Some Ideas Take Time To Take Off
iStock_000014314688SmallLife has many wonderful serendipities.  On a mission trip that I did back in the early 2000’s, I met Thad Puckett, leader of the Southern Baptist Mission team in Taipei, Taiwan.  Little did I know that he would need to return to his home in central Texas a few years later to be available to help with health issues in his family.  We met again at that time, with Thad looking for work, and with my company looking for someone to help develop our IT infrastructure.  And so God placed a missionary with a love for technology with a doctor turned businessman who knows nothing about technology.  And Thad has been saving my life – and my company ever since.  So it is with great pleasure that I hand over today’s blog to Thad! 


Sometimes when we talk with people about leaving their supposedly comfortable relationship with a health  insurance company to join The Health Co-Op, they just cannot comprehend that The Health Co-Op is a fundamentally different experience. 

The idea of The Health Co-Op seems to be hard to grasp.

A few weeks ago I read a fascinating article in The New Yorker, ostensibly about the development of anesthesia and antiseptic.  I say ostensibly, because the reality is that the article was about the spread of ideas.

Some take off.  Others take time.

Anesthesia and antiseptic both emerged in medicine at roughly the same time (in the mid-1800s).  Anesthesia took off.  It was a revolutionary idea.  Prior to the use of ether as an anesthesia, a patient was pretty much left to endure a surgery.  When first introduced, it was immediately understood to be a better way.

Patients liked anesthesia because they were essentially knocked out before and during a surgery.  Pain was taken off the table, so to speak, for the patient.

But pain was also taken off the table for the doctor.  Prior to anesthesia, surgeons had to wrestle (literally) their way through a procedure.

Life was made easier for the doctor, and life was prolonged for the patient.  A win-win.

Antiseptic, which we take for granted now, was equally revolutionary, but it took years to be widely adopted.

Whereas anesthesia benefited the patient and the doctor, antiseptic was lop sided.  It favored the life of the patient, which tends to last longer when infection is not introduced during a surgery!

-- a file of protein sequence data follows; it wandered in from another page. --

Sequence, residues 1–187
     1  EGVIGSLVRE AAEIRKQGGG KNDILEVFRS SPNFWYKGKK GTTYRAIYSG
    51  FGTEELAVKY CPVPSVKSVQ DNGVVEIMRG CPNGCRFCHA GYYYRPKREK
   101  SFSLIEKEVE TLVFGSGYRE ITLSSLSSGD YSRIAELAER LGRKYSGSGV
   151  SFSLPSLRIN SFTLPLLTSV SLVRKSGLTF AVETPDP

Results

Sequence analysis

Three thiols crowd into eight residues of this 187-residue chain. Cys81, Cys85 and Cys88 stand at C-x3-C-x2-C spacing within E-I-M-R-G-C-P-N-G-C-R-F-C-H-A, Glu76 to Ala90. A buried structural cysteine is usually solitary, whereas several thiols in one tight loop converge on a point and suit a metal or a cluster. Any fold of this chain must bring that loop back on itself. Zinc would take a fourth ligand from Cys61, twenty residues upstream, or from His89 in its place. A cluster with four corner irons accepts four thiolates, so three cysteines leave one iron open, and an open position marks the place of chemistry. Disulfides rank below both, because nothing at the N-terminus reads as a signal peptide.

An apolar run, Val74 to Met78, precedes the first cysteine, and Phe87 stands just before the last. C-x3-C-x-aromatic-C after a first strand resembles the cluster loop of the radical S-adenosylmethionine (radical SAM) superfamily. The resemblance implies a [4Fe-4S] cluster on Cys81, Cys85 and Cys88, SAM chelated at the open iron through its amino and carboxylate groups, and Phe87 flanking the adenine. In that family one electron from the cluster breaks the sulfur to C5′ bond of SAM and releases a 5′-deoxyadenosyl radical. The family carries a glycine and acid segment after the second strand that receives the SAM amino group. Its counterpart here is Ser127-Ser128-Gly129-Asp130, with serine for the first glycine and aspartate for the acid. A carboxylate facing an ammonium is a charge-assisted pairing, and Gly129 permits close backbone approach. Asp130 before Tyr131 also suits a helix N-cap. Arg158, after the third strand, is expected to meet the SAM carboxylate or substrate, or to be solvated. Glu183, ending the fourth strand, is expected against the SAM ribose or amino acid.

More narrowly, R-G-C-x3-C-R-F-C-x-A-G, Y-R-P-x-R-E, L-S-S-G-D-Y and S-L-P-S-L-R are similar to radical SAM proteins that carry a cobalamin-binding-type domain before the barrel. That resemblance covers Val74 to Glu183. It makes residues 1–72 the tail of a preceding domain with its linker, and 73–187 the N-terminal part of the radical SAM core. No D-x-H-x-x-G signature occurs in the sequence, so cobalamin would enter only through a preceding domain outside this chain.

For the doctor, antiseptic was more work.  Win-lose, with the doctor being the loser.  But the patient, the one actually paying the bill for the surgeon?  He/she was a winner because she/he remained among the living!

All this thinking about that article made me think about the power of The Health Co-Op.

In all the talk about health care reform, the one thing that has remained absolutely constant is thecomplexity.  Regardless of the promises made, or the promises broken, no one has expected the new health care to be less complicated than the old health care.

No one except the patient.

However, the sober truth of the matter is this:  The new health care is far and away more complex than the old health care.  So while the politicians raised expectations for we the consumers, those expectations cannot be met.

As the patient, the easy part isn’t just getting out the door of the doctor’s office, because the part you have to pay, if any, is sent to you as a bill later. There simply is no easy part for patients in the old health care or new reformed health care.

Many politicians believed the Affordable Care Act (ACA) would be a win-win.  A win for them and a win for the patient, but it is more of a win-lose (the patient being on the losing end).

Many physicians are either leaving medicine altogether because of the ACA, or they are simply deciding to no longer take Medicaid, Medicare or private insurance.  They obviously see health care reform as lose-lose.

What about The Health Co-Op?

Our promise is this: the most important person in health care is always the patient.  There is a different experience for members of The Health Co-Op.

You won’t send premiums to impersonal companies who distribute 80% to patients.  You’ll send your monthly shares to members (people just like you) who have had a medical need, and sometimes those members will send you a thank you card! When’s the last time someone thanked you for paying an insurance premium?.

Want to see any doctor you chose?  With The Health Co-Op, there are no networks to ever be out of.  Your favorite physician is still yours!

Ever higher premiums?  No premiums at all in The Health Co-Op!  Yes, the monthly medical shares may increase, but members always have to approve a recommended increase.  When is the last time your insurance company phoned up to ask if they could raise your rates?

Your experience as a member of The Health Co-Op will be personal, caring, responsible and responsive.  You won’t be a number, you’ll be a person. A friend.

Don’t believe me?  Go read the testimonials on the right side of each page of this website from members across the U.S.

It may take a while for the idea of The Health Co-Op to take off, but like antiseptic and anesthesia, it will be a win-win for patients (members) and physicians (providers) alike.  It can be a win-win for you too.  To get started, click here.

Thad Puckett | @ThadPuckett